John Key, Bill English, Hekia Parata, et al, have succeeded in teaching our children their first lesson in politics. An entire generation of children have seen political machinations at work, first hand, and the “bad guys” were ministers from  the National Party.

When our children learn about the Right Wing in politics, in such a personalised, in-your-face manner, the future of this country suddenly became a lot more rosy.

Future support for the Greens, Labour, and other centre-left Parties is all but assured.

Thank you, Ms Parata. You are a fine teacher for our young folk.

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Related Blogposts

Frankly speaking on Budget 2012

Media

Listen to reaction on Radio NZ Checkpoint

Listen to parent’s reaction on Radio NZ Checkpoint

Media Release

Hekia Parata:  Teacher funding ratios to remain the same

Other blogs

John Minto:  Minister’s rose-tinted glasses are two generations out of date

Just Left:  Smaller class sizes — for people like us

Local Bodies:  Hekia’s Huge Tui Billboard!

Local Bodies:  Parata’s Future?

Robert Guyton: National Folds

Red Alert: Who Reads Hekia’s Advice?

The Standard: Flip-flop still leaves hole in education budget

The Standard: Parata to the Headmaster’s office?

Pundit: Don’t look here! Look over there!

Gordon Campbell on the turmoil in education

No Right Turn: Anger works

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Citizen A – 31 May 2012 – Online now!

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Citizen A

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– 31 May 2012 –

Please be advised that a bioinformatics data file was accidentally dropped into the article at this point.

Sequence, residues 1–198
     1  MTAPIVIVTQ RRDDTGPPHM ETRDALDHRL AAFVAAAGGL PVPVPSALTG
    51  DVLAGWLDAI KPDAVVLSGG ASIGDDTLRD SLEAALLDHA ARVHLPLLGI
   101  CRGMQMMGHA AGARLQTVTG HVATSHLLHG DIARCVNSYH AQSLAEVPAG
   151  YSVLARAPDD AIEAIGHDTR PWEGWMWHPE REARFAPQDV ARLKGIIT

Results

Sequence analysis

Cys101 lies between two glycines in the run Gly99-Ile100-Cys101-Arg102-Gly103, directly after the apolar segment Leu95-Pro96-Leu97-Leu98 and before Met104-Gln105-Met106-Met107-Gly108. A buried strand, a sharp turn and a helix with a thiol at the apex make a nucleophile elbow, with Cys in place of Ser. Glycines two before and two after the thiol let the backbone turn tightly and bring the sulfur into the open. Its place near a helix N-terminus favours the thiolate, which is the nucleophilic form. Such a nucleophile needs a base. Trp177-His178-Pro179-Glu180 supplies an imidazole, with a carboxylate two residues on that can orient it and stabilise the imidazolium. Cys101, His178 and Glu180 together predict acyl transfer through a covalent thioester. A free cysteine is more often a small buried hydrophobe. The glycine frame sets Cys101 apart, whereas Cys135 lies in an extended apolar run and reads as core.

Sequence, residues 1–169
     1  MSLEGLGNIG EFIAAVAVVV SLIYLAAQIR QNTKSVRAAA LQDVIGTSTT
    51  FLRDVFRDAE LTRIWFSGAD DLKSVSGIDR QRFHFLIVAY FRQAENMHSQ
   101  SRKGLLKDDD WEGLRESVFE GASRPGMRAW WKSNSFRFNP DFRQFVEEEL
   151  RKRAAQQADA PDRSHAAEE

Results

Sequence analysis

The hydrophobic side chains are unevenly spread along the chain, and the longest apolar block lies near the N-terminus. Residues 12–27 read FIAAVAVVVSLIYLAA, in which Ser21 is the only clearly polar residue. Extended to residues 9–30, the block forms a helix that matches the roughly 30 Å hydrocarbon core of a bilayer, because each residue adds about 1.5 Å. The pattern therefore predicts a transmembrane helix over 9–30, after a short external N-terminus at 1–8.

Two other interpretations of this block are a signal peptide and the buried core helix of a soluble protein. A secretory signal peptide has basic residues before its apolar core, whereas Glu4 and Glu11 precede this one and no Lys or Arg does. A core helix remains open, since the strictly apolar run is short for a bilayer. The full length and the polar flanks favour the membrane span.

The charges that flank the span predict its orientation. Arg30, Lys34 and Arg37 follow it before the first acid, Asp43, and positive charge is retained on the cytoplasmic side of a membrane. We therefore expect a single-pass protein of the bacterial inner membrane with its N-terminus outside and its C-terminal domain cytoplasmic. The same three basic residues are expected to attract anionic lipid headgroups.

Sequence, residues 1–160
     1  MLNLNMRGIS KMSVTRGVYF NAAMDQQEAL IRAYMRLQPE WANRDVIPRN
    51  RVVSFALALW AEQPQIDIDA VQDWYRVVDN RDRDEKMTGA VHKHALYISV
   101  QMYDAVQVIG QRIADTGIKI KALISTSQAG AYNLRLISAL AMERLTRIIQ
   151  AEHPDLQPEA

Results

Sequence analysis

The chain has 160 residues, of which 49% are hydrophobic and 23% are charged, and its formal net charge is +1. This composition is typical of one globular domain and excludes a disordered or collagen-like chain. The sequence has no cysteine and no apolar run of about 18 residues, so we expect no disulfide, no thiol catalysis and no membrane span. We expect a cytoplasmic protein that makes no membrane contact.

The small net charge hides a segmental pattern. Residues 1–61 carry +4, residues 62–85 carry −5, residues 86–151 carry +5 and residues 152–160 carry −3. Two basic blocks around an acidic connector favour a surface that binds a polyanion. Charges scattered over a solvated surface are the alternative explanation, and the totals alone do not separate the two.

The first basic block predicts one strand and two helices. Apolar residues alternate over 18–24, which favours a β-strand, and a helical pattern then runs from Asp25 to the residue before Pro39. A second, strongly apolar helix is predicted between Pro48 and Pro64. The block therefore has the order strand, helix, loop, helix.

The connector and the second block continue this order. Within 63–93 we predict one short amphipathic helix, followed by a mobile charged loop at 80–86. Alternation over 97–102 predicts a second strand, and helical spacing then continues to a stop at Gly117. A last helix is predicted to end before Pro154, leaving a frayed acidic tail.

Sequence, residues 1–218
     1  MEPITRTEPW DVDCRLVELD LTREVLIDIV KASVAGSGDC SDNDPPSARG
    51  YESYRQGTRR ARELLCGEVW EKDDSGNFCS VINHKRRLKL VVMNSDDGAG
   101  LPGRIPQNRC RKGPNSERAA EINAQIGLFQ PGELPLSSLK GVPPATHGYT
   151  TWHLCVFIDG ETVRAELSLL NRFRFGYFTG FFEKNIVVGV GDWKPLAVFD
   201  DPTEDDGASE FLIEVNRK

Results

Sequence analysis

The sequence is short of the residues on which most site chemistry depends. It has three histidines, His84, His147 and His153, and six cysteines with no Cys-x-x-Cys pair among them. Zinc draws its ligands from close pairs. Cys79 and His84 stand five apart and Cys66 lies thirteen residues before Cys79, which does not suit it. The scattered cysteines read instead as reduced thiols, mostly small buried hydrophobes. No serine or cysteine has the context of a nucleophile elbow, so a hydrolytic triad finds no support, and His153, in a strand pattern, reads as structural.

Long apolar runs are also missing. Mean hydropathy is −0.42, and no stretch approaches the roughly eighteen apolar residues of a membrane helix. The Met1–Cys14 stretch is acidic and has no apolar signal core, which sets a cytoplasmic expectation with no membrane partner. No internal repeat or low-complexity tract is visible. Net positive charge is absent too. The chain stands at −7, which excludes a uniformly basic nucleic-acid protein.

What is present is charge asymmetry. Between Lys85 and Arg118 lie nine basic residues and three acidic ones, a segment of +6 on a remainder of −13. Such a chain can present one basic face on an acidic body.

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– Matthew Hooton & Phoebe Fletcher

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Issue 1 – Key senses danger and backs down on classroom sizes. Keen political instincts or self inflicted mutilation?

Issue 2 – Raising retirement. Economic sense or more baby boomer intergenerational theft?

Issue 3 – Tame Iti get’s two and a half years, Rena captain gets seven months . What have we learned from the Urewera terrorism trials?

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Acknowledgement (republished with kind permission)

Tumeke

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Finland, some thoughts…

21 March 2012 7 comments

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Finland & Capital City, Helsinki

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When David Shearer mentioned Finland in his speech on 15 March,  the right wing were quick to leap onto that reference and gleefully point out that our Finnish cuzzies had elected a right wing government, which had part-privatised some of it’s own state own enterprises. A grinning, mocking,  John Key made a Big Thing of it in the Debating Chamber (see video at 2:10), in a response to a ‘patsy’ question from National MP, Michael Woodhouse.